Zelenskyy presented Biden with a medal that had been awarded to a Ukrainian officer who captained a U.S.-supplied rocket battery. The officer, who met with Zelenskyy in the hotly contested front-line town of Bakhmut on Tuesday, told him to “give it to the very brave president.” The award is the cross for military merit, according to Zelenskyy.

“Well, undeserved but much appreciated,” Biden said. He asked Zelenskyy to give the officer a U.S. challenge coin, a medallion given to honor military service.

Zelenskyy’s joint news conference with Biden followed several hours of closed-door meetings with the president, Cabinet members including Secretary of State Antony J. Blinken and Defense Secretary Lloyd J. Austin III and the U.S. national security team.

“I am in Washington today to thank the American people, the President and the Congress for their much-needed support. And also to continue cooperation to bring our victory closer,” Zelenskyy said on his official Telegram channel ahead of his arrival at the White House.

At the start of his journey, Zelenskyy arrived in Poland by train, accompanied by U.S. Ambassador to Ukraine Bridget Brink, before flying on a U.S. Air Force jet to a military base outside Washington. He arrived around noon, was greeted by American military officials and the Ukrainian ambassador to the U.S., and was transported by motorcade to the heart of the nation’s capital, where a yellow-and-blue Ukrainian flag flew over Blair House, the traditional lodging for visiting heads of state.

Zelenskyy, whose nightly video messages have served as a major morale booster for his people, has also frequently relied on video communication to make impassioned pleas for help to national legislative bodies the world over, as well as the United Nations and gatherings of world leaders at major summits.

An in-person appearance in the capital of Ukraine’s most important ally carries extraordinary significance. Zelenskyy will be able to emphasize that Ukraine has defied predictions of a swift collapse in the face of Russian military might. He will also be able to draw more attention to his country’s need for continued support.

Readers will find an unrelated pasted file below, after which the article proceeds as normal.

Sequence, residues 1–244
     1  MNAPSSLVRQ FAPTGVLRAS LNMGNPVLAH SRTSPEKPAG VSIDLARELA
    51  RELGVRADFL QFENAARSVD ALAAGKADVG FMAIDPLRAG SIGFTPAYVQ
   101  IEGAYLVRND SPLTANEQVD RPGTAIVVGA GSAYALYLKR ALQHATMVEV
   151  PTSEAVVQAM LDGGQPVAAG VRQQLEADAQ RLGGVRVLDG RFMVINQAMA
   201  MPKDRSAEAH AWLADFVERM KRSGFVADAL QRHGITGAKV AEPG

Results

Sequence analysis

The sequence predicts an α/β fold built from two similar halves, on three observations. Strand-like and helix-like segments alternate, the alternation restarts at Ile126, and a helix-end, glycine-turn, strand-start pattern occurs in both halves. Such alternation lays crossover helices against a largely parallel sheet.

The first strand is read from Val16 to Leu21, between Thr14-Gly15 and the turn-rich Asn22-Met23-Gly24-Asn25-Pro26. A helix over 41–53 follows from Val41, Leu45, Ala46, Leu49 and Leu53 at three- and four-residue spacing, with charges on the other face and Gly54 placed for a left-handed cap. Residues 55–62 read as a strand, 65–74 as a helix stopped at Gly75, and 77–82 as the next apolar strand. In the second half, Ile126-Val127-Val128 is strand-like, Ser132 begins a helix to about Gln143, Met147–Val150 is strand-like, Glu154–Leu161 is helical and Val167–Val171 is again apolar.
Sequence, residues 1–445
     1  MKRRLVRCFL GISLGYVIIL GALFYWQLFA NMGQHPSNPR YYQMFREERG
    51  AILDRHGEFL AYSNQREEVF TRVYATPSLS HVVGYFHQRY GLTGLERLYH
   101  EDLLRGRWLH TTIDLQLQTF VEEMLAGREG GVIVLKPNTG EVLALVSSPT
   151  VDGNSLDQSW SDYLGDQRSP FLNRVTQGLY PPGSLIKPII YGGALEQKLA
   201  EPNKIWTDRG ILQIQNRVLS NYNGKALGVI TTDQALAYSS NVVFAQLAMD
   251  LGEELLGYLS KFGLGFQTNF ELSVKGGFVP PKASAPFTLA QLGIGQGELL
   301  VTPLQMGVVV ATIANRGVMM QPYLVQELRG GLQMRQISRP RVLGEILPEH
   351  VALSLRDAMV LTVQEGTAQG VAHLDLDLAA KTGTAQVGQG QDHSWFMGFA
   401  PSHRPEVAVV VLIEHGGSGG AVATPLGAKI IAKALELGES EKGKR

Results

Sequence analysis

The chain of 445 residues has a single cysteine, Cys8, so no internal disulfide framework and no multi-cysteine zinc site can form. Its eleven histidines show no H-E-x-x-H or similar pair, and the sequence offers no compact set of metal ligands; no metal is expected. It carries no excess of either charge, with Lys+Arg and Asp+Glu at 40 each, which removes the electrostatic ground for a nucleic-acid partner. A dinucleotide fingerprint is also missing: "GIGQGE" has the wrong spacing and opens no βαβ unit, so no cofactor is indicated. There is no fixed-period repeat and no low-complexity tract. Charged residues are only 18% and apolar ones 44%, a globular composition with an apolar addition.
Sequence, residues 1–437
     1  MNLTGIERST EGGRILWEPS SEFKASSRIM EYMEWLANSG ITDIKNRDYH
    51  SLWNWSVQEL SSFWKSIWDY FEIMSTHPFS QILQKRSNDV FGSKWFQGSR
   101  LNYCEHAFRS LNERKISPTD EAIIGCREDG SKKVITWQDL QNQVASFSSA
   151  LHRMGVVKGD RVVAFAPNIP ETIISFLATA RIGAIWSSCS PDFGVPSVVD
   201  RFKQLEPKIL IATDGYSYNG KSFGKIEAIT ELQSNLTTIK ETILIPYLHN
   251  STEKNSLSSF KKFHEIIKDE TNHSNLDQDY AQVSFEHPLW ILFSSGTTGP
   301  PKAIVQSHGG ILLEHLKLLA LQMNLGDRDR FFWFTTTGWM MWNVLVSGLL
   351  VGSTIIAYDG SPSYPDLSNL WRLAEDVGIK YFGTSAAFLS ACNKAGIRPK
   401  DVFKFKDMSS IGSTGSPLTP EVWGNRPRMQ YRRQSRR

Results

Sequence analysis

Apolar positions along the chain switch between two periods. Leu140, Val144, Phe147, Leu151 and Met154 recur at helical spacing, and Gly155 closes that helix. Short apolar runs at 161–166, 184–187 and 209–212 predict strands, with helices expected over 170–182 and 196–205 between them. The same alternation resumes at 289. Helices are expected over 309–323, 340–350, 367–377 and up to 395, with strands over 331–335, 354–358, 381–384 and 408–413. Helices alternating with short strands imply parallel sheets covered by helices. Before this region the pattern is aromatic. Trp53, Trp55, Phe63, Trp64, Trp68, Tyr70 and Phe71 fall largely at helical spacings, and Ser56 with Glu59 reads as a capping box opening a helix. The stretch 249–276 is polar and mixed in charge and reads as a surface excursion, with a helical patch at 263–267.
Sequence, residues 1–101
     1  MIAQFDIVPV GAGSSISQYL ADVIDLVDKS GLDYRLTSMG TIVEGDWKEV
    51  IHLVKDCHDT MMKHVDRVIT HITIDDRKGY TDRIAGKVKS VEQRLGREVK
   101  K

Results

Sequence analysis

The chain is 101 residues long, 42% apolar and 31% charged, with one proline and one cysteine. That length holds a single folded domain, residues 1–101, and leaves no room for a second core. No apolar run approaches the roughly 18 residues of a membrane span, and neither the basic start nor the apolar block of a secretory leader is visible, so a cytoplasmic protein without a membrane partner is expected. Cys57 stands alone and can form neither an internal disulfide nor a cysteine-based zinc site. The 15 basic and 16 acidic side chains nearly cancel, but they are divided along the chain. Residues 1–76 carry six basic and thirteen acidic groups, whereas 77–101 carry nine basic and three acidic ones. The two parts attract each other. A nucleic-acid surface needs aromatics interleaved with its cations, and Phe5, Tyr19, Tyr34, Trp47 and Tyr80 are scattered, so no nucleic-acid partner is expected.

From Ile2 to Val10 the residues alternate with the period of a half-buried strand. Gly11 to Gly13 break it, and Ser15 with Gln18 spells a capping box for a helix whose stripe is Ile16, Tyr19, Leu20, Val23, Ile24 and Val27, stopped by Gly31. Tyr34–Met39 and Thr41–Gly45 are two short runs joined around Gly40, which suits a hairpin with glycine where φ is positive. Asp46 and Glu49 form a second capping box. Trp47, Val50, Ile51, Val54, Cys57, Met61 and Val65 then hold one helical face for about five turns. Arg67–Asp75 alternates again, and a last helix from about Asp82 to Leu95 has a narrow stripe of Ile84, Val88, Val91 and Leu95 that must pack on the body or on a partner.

As some Republicans begin to question whether military and humanitarian assistance for Ukraine should continue at current levels, and as certain parts of the U.S. public begin to show signs of impatience with the war effort, Zelenskyy’s call for steadfast American backing has taken on added urgency.

On Wednesday morning, just hours before Zelenskyy’s arrival, Biden announced a new tranche of $1.8 billion in aid. That aid will include a Patriot missile battery, the surface-to-air guided missile system Kyiv has requested for months, according to a senior administration official. The Pentagon calls the Patriot system “one of the world’s most advanced air defense capabilities.”

U.S. forces will train Ukrainians on using the system in a third country, the official said, and “Ukrainian troops will take that training back to their country to operate this battery.” A senior Defense Department official said the training would begin “very soon” but could take “several months” to complete, raising questions about how effective the new weapon will be during the crucial winter weeks ahead.

Russian President Vladimir Putin has called supplying Ukraine with the Patriot system a major escalation of the war, and in a speech Wednesday again hinted at his nuclear power, saying his military would concentrate on developing “the main guarantee of Russia’s sovereignty.”